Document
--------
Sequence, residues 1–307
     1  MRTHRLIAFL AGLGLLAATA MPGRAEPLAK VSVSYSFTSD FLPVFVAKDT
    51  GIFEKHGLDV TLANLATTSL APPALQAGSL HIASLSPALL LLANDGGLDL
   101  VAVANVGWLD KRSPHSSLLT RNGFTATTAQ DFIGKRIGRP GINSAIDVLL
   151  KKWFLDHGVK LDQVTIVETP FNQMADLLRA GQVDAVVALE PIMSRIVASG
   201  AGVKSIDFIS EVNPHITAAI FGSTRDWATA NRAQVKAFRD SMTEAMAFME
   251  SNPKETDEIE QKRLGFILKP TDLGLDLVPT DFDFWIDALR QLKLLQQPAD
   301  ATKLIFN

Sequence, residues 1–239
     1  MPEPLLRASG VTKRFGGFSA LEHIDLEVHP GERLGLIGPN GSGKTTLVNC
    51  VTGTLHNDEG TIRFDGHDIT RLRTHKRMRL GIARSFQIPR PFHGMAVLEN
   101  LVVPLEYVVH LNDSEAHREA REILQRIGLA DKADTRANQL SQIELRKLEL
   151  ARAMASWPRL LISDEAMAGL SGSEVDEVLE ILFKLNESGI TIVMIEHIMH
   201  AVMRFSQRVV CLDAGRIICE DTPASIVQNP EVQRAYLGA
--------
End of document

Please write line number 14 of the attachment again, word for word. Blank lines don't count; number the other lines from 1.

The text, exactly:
   201  AVMRFSQRVV CLDAGRIICE DTPASIVQNP EVQRAYLGA